9. I've thought about it plenty. The question is not the overall scheme of things; it is the box itself. The pitman arm doesn't have any more to do with the ratio of the box than does the diameter of the steering wheel. To wit: not a thing. Which is probably why every rebuilder out there uses ratio as the primary descriptor and differentiator: because the ratio is determined solely by the internal components of the box. This would seem to be a pretty simple mathematical exercise: a ratio is the relationship between two numbers. If you know any two of those numbers, you can calculate the third. If you know only one, you know nothing of the others. And so it is here: "2.5 turns" tells us nothing about either the ratio or the output travel. If you've got the same travel as the standard box and 2.5 turns, you've got a ratio <13:1. If you've got 2.5 turns and a 15:1 ratio, your U-turns become 3-point turns. If you've got the same travel and a 15:1 ratio, you need 3 turns. Where am I wrong? Let's look at a similar situation. Suppose you need a new rear end for your car. A guy says he has one for you that's a drop-in fit. You ask "What's the ratio?". He says, "It depends on the transmission." You gonna buy that rear end based on that?
  10. With all due respect, the pitman arm has nothing to do with the ratio of the gearbox. That ratio is determined solely by the relationship between the rotation of the input shaft and the rotation of the sector shaft. To put a finer point on it, ratio is far more important than lock-to-lock when determining how the box performs. Indeed, lock-to-lock by itself tells us absolutely nothing about how the car will react to a given turn of the wheel. For this box, the input is 2.5 turns; that's 900°. For the standard gearbox for these cars, the output is ~70°. The ratio of the two is 12.8. That's a pretty frickin' quick ratio. Given that's quicker than the contemporaneous 15:1 quick ratio box, and as quick as the 12.7:1 boxes used on sports cars, one cannot help but wonder exactly what's going on. Are there internal stops that limit the output? Let's suppose the sector shaft rotation is limited to 60°. That would provide a ratio of 15:1 with 2.5 turns -- but parallel parking, u-turns, and the like would suffer dramatically from the decreased turning radius. Or suppose we restrict it further, to 50°. Now we have a ratio of 18:1. Three different boxes, three different ratios, three different levels of performance, but the same lock-to-lock. Clearly that's not the whole story. If this box offers the full range of movement and has a quicker ratio than any factory box or anything offered by the myriad rebuilders, that's something. But if it's compromised in some way (e.g. turning radius) that's something else. Might not be a dealbreaker, but it's still something that should be part of a comprehensive description, no?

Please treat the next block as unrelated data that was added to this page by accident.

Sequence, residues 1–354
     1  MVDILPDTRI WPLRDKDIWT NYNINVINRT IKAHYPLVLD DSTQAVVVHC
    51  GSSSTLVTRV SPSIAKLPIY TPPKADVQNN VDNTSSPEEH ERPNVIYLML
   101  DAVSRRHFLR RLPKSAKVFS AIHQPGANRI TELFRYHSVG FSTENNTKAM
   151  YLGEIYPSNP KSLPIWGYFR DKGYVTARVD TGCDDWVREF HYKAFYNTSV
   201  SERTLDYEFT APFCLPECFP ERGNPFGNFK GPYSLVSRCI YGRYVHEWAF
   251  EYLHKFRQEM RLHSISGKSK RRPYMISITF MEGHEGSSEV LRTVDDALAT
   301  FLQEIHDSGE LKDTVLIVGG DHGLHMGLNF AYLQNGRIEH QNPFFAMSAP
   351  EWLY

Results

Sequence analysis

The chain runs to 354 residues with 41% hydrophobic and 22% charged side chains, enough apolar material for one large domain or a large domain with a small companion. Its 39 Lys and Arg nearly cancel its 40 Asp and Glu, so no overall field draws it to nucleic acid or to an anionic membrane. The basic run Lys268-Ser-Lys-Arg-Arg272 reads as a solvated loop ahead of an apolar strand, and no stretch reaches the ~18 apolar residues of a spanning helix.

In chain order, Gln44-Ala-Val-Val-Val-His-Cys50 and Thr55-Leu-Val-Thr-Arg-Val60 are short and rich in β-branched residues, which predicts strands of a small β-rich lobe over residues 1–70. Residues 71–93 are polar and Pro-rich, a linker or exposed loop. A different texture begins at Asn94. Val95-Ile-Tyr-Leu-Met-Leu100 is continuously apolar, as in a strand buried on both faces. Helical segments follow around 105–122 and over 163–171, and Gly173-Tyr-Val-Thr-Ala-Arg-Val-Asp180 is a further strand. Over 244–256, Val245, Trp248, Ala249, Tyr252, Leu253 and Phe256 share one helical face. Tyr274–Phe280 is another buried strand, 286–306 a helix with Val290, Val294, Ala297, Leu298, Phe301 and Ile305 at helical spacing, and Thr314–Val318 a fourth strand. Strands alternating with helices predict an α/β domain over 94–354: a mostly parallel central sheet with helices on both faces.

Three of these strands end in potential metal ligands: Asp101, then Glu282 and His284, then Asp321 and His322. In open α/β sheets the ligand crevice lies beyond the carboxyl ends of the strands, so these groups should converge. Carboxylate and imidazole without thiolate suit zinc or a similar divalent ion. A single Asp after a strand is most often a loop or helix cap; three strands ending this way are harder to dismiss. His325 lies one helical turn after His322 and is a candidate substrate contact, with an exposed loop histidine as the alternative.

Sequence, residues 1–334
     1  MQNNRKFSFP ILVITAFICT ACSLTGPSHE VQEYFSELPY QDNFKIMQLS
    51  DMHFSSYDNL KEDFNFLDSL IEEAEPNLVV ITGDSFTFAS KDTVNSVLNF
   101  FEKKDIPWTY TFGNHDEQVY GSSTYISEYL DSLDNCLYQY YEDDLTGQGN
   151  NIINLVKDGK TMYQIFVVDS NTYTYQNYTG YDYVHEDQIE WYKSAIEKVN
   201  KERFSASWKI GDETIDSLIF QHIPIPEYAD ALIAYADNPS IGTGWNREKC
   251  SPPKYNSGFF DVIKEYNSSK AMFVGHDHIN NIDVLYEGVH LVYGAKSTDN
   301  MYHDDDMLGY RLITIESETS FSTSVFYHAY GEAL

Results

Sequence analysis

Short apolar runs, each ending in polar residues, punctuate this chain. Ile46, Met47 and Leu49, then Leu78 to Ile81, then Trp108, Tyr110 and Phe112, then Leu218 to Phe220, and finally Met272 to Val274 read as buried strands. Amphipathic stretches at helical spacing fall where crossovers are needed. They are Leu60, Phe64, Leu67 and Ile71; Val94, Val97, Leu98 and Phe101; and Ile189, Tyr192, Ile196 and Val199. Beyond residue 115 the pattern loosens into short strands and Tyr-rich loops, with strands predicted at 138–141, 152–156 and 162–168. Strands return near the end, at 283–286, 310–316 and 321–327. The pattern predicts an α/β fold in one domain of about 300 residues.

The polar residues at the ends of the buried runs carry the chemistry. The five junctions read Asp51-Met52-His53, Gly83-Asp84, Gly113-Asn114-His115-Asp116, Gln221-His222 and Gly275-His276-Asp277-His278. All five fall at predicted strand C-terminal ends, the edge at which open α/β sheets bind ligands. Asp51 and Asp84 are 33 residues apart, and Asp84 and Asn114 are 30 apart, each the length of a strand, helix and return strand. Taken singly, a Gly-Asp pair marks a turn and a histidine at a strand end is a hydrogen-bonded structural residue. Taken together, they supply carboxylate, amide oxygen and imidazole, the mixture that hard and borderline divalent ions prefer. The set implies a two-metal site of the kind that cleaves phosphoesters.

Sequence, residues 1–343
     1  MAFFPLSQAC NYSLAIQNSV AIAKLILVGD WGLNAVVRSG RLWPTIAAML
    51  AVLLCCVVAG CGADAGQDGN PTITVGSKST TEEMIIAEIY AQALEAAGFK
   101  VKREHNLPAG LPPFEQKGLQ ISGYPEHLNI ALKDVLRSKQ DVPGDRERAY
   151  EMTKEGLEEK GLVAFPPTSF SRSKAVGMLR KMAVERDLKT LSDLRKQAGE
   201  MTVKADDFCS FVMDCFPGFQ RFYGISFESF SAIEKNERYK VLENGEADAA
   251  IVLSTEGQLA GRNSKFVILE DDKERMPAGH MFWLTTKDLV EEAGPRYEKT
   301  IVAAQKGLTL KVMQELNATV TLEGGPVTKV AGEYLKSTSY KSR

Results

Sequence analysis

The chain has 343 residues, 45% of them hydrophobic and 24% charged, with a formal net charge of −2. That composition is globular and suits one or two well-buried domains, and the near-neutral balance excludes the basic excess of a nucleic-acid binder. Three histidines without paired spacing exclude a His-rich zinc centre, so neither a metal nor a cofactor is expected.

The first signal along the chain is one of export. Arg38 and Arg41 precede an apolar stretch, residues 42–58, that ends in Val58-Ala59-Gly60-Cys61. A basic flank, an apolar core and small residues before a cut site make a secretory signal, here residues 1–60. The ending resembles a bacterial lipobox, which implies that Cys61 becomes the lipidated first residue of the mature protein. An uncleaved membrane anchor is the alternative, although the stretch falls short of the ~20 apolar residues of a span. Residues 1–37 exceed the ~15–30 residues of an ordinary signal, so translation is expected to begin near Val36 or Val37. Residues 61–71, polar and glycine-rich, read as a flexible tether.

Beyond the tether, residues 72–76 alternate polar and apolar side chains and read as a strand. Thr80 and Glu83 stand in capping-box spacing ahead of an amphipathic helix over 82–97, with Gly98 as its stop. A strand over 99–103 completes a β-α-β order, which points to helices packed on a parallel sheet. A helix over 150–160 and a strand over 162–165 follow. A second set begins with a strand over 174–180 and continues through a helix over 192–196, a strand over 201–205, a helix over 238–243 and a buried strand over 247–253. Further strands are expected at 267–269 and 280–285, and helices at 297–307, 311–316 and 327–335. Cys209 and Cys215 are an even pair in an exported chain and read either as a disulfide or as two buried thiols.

11. Thanks for that info — but what’s the ratio?
  12. Do you know the specifics of this box: constant or variable ratio, and the actual ratio(s)?
  13. If you're looking for the chrome doober that's held on with a set screw, there's a good chance that's the same part used on multiple dash switches (courtesy lights, antenna, defroster, '63 HVAC, etc.).
  14. If my car has been sitting for a couple of weeks, it takes ~30 seconds to get fuel to the carb before it fires up. If it's been started more recently, it's a pop of the key. But in general, it seems that the best solution is drive your car more often.